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Space Science

Comets Probably Seeded Earth's Nitrogen Atmosphere 110

KentuckyFC writes "One of the biggest puzzles of astrobiology is the origin of the Earth's oceans and atmosphere. One favored theory is that our water is the leftovers from a bombardment of comets early in Earth's history. But the ratio of hydrogen and deuterium in the oceans doesn't match the ratio in the four comets measured so far (Halley's, Hyakutake, Hale-Bopp and C/2002 T7 LINEAR). Now a new analysis of the ratio of nitrogen-14 and 15 isotopes in these comets and on Earth places new limits on how much of our environment could have come from comets. On the one hand, the astronomers who did the work say that no more than a few percent of Earth's water could have come from comets. But on the other, they say that the ratio of nitrogen isotopes in these comets almost exactly matches the ratio in Earth's atmosphere. That suggests that while Earth's oceans must have come from somewhere else, Earth's early atmosphere was probably seeded by comets."
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Comets Probably Seeded Earth's Nitrogen Atmosphere

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  • Obvious? (Score:1, Informative)

    by muphin ( 842524 ) on Wednesday July 01, 2009 @11:41PM (#28553945) Homepage
    Although comets may have initiated seeding of life and the foundry of everything from water to minerals .. there has been proof that water is abundant in space and maybe have just been absorbed into the atmosphere on earth and generated that way, over time rain would have brought the water molecules to the surface.
    http://www.space.com/scienceastronomy/astronomy/milkyway_water_010412.html [space.com]
  • by khayman80 ( 824400 ) on Thursday July 02, 2009 @12:04AM (#28554029) Homepage Journal

    ... it'd take a while but is it really so far fetched to think that ultimately all our water and atmosphere are extra-terrestrial?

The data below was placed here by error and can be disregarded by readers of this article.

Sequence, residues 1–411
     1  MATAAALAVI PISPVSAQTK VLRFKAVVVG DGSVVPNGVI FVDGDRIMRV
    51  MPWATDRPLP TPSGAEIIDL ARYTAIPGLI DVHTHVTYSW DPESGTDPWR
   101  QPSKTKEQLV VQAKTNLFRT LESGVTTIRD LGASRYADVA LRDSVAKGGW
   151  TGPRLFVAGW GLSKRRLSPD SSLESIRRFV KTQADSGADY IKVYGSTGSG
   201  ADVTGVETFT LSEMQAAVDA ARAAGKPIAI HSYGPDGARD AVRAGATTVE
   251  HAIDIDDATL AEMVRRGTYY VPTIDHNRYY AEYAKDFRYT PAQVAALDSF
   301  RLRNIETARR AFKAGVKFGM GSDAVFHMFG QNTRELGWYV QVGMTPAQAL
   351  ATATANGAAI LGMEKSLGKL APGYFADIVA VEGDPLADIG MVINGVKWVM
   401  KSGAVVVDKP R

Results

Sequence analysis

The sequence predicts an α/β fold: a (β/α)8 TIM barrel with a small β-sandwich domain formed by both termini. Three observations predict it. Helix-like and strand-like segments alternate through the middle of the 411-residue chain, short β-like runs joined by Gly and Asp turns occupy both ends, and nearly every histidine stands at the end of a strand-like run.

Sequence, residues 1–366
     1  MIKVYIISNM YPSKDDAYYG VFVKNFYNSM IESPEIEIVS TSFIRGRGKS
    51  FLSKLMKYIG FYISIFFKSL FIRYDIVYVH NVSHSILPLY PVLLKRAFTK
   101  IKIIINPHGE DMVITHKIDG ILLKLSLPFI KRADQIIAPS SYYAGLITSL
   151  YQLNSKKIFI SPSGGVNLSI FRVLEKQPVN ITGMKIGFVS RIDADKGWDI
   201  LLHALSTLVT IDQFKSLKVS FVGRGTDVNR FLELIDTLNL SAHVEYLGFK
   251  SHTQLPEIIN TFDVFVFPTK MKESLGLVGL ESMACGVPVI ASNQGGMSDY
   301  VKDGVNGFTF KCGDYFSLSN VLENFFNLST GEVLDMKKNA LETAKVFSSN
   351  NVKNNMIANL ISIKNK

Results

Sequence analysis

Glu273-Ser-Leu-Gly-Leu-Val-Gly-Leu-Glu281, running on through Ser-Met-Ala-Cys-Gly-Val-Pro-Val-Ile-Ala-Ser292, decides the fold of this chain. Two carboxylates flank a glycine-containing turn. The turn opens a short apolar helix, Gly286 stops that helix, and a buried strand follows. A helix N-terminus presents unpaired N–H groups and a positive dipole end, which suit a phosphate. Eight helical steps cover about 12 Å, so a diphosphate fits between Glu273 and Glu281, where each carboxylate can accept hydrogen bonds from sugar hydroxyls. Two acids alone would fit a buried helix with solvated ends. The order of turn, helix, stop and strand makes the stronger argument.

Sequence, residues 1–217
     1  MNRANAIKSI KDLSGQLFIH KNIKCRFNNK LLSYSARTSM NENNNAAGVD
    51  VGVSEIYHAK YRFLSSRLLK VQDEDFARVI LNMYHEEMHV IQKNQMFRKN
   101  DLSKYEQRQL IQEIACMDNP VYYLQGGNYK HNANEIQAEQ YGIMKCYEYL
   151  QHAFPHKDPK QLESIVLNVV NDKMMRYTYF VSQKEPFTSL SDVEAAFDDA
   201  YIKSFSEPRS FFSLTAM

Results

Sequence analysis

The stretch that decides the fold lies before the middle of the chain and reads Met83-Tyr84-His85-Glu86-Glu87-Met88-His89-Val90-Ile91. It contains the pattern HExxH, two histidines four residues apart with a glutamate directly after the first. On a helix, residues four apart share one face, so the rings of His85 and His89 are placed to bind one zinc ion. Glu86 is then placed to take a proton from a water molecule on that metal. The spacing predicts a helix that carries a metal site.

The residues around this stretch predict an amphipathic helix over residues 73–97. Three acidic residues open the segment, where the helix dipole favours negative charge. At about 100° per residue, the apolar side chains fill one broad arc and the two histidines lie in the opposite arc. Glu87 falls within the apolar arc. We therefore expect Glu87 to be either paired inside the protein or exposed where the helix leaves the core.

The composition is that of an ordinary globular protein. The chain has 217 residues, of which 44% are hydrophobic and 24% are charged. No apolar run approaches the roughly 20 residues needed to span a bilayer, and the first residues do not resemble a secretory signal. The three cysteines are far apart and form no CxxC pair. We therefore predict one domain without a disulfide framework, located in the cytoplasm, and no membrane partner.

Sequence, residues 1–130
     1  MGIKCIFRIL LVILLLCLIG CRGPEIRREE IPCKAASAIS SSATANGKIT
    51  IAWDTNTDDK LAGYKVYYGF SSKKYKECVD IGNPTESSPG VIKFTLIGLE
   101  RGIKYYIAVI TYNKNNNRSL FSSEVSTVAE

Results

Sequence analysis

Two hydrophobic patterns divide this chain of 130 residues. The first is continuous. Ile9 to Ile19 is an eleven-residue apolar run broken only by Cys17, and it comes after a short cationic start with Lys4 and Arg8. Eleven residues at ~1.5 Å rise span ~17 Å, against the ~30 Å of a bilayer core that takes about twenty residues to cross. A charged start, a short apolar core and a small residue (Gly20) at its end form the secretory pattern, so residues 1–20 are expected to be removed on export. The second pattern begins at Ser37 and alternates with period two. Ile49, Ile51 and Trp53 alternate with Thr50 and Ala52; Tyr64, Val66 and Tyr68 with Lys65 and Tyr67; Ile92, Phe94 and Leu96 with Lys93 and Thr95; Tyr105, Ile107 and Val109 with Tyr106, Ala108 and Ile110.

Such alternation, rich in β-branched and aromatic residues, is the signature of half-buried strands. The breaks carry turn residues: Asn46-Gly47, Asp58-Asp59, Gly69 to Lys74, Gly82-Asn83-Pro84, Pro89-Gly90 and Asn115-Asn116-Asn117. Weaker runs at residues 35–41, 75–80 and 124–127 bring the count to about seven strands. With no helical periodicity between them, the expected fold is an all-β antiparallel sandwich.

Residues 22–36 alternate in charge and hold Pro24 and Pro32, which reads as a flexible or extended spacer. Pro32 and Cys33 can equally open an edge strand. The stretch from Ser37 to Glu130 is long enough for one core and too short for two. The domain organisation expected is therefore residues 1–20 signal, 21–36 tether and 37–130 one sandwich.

The point is that the isotope abundances of the oceans don't match the only four comets that have been observed precisely enough. H20 and HDO are easily distinguished from each other, and deuterium (the "D" in HDO) is quite stable so the isotope abundances shouldn't have changed. We've only measured 4 comets, though, so perhaps other comets more closely resemble our oceans.

    Coincidentally, I attended Dr. Goldblatt's fascinating talk at the Fall 2008 AGU conference where he showed that the faint young sun paradox [dumbscientist.com] could be mitigated by a higher nitrogen pressure in the primordial atmosphere. Someone in the crowd (a Slashdot user, perhaps?) answered my question about experimental constraints on this pressure by saying that current research involving "raindrops" might produce a constraint soon.

    This paper seems like it should be relevant, but I've yet to see a direct connection. If anything, the disparities in the isotope abundances between 15N/14N and D/H seem to imply their origins are (at best) only loosely connected. But unfortunately the guy who shouted "raindrops" didn't have a microphone and he was across a crowded lecture hall, so I don't have the foggiest idea what he meant. Maybe "raindrops" was a brief reference to the "enstatite chondrites" on page 7 of this new paper (the context seems similar, at least). However, Javoy's paper was published in 1986 and my mysterious benefactor definitely said the research was currently underway. Plus, the topic at the time was the total pressure of nitrogen, not the isotope abundance...

    Anyone who knows about this subject, please enlighten me!

  • Re:Wood to Gold (Score:2, Informative)

    by Schmorgluck ( 1293264 ) on Thursday July 02, 2009 @06:38AM (#28555883)
    Gold? That would be from a supernova.
  • by ceoyoyo ( 59147 ) on Thursday July 02, 2009 @08:06AM (#28556537)

    Carefully note the words "probably" and "suggests."

    In other words, nobody has claimed anything is "true." They noted an interesting pattern and thought about what it could mean. Now they'll try to devise experiments to test that hypothesis.

    Contrast this with theological reasoning: "the bible says so, therefore it is true. End of discussion."

  • by radtea ( 464814 ) on Thursday July 02, 2009 @08:20AM (#28556671)

    Faith in what? Have you read the paper behind this idea? It's full of assumptions and caveats that are explicitly laid out by the authors, pointing out that one can follow a particular thread of plausible but unproven argument, and suggesting ways of empirically testing it.

    Ideas are tested by experiment and systematic, often quantitative, observation. That is the core of science.

    Ideas are believed without question. That is the core of faith.

    See the difference?

It's great to be smart 'cause then you know stuff.